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SAFETY FIRST

Navigation Back Up: Ensuring Mariners Don’t Lose Their Way

6. A receiver for a global navigation satellite system or a terrestrial radio navigation system, or other means, suitable for use at all times throughout the intended voyage to establish and update the ship’s position by automatic means;

Meanwhile IMO Resolution MSC.232(82) goes on to say Adequate back-up arrangements should be provided to ensure safe navigation in case of an ECDIS failure; 1. Facilities should be enabled for a safe take-over of the ECDIS functions to ensure that an ECDIS failure does not result in a critical situation.

SOLAS Chapter V, Regulation 19 states: All ships, irrespective of size, must have: 1. A properly adjusted standard magnetic compass, or other means, independent of any power supply, to determine the ship’s heading and display the reading at the main steering position; 2. A pelorus or compass bearing device, or other means, independent of any power supply, to take bearings over an arc of the horizon of 360°; 3. Means of correcting heading and bearings to true at all times; 4. Nautical charts and nautical publications to plan and display the ship’s route for its intended voyage and to plot and monitor positions throughout the voyage. An ECDIS is also accepted as meeting the chart carriage requirements of this subparagraph; 5. Back-up arrangements to meet the functional requirements of subparagraph 4, if this function is partly or fully fulfilled by electronic means; 52 Marine Log // November 2017

Adequate back-up arrangements should be provided to ensure safe navigation in case of an ECDIS failure 2. A back-up arrangement should provide means of safe navigation for the remaining part of a voyage in the case your ECDIS fails. The consideration of backup systems is not solely a function of cost. Vessels at all times must navigate with caution and due regard for their surroundings. Therefore this Administration has considered alternate suitable back up arrangements for owners to consider.

2. Alternate Satellite Navigation Systems There are other available, but limited, satellite navigation systems out there. Both the BeiDou Navigation Satellite System (BDS) and GLONASS are, however they are only available in limited geographic regions. 3. E-Loran Radio navigation is a system that is not susceptible to spoofing and is making a comeback regionally in certain areas of the world. Use of this system would constitute a backup means of navigation. 4. Paper charts with Piloting and Celestial Navigation The use of paper charts in conjunction with traditional piloting techniques (visual bearings) and the use of RADAR for near shore and in shore navigation, and celestial navigation while at sea, are a well-founded and reliable forms of navigation. These methods rely on simplistic equipment (except RADAR), but practice is needed to ensure that reliable positions are recorded. These methods are required training under STCW Table A II/1 and Table A II/2 for both navigation officers as well as management level officers. Navigators are also reminded to update their charts and publication using the Notice to Mariners for their operational areas. Matthew Bonvento Senior Manager, Safety, Security, Quality and Regulatory Compliance, Vanuatu Maritime Services Ltd. Captain Patrick Michael DeCharles II Executive Vice President, Vanuatu Maritime Services Ltd.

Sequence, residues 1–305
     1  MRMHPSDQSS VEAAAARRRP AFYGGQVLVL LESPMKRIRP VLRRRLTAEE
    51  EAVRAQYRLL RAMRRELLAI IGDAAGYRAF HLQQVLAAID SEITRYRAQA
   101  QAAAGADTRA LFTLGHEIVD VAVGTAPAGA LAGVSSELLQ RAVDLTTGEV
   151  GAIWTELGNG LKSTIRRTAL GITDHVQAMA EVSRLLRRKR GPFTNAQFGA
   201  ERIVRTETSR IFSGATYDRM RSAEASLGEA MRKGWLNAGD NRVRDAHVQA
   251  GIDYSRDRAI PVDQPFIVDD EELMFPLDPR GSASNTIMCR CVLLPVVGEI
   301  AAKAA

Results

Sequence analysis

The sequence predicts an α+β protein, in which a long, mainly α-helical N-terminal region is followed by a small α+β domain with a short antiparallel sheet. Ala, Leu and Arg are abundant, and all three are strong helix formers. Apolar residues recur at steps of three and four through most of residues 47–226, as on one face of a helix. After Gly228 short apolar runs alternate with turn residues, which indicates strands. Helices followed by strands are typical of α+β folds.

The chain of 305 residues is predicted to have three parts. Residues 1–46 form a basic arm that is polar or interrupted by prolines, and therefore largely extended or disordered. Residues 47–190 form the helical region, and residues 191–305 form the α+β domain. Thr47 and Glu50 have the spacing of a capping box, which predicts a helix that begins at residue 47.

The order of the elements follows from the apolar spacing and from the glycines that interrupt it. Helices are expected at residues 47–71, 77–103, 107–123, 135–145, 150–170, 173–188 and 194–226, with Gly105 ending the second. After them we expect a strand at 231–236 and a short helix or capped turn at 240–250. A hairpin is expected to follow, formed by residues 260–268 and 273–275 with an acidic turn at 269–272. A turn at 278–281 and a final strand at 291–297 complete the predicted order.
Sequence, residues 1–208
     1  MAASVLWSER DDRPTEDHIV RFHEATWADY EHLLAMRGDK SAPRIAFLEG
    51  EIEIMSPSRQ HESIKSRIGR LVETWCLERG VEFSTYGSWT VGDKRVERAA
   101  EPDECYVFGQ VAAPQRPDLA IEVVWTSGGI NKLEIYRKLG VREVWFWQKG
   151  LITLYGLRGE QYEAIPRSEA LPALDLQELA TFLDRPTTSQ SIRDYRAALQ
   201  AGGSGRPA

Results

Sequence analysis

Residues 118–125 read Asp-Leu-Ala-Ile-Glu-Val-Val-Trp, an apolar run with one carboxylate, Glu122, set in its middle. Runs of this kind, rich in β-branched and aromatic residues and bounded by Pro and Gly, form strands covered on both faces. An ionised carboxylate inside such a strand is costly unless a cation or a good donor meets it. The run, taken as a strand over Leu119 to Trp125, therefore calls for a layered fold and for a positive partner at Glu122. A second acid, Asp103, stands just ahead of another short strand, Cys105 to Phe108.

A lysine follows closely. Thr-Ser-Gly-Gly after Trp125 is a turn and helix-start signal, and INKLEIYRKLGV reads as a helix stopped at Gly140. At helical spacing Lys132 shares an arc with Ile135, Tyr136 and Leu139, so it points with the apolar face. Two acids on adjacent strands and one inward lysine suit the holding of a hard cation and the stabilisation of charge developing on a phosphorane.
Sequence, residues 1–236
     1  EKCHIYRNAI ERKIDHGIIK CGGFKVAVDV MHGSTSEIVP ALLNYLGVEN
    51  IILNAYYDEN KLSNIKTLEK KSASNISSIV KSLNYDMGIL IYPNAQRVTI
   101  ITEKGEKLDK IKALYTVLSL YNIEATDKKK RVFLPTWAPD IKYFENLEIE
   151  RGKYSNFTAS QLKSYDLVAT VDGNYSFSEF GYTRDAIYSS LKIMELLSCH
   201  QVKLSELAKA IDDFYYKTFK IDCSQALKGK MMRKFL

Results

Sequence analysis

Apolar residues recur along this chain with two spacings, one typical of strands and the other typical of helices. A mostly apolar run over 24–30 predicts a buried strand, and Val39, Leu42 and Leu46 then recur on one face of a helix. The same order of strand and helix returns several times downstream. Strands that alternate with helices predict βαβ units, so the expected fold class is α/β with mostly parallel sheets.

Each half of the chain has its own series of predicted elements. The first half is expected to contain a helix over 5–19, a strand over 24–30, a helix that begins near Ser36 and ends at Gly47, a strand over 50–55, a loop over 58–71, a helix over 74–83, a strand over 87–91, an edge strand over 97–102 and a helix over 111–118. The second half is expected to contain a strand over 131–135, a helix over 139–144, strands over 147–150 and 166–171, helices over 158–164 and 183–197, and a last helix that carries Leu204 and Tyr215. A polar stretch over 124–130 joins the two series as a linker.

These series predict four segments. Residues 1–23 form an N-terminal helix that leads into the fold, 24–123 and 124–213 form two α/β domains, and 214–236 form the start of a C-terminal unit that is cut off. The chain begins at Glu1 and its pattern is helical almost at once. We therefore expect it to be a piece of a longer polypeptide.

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n the digital age we sometimes find ourselves lost in technology. Cell phones now have GPS, creating an entire generation that is unable to read a map. Navigators, too, are starting to find themselves caught in the same trap, with an over-reliance on ECDIS. Although the rules are now leaning towards a predominantly digital bridge navigation system, it is important to be reminded of what SOLAS and STCW require of vessels and mariners alike. Companies should ensure that their onboard vessel procedures and Safety Management System cover not just the minimum of requirements, but also contingencies in case their vessels fall victim to primary navigation system failure.

1. Secondary ECDIS unit The secondary ECDIS unit must meet SOLAS requirements for being stand alone. However it is recommended that the secondary ECDIS unit be of a different make than the primary unit. This will help avoid instances where corrupted updates sent to a primary unit also affected the secondary unit of the same make and model. Type specific training for ECDIS units is required to be provided in order for navigation officers to fulfill their STCW requirements. Its important to remember that ECDIS systems are fed off of GPS, and if that vulnerability is exploited, the ECDIS systems will fail. Additionally ECDIS systems are vulnerable to malware and viruses if not properly monitored.

Marine Log November 2017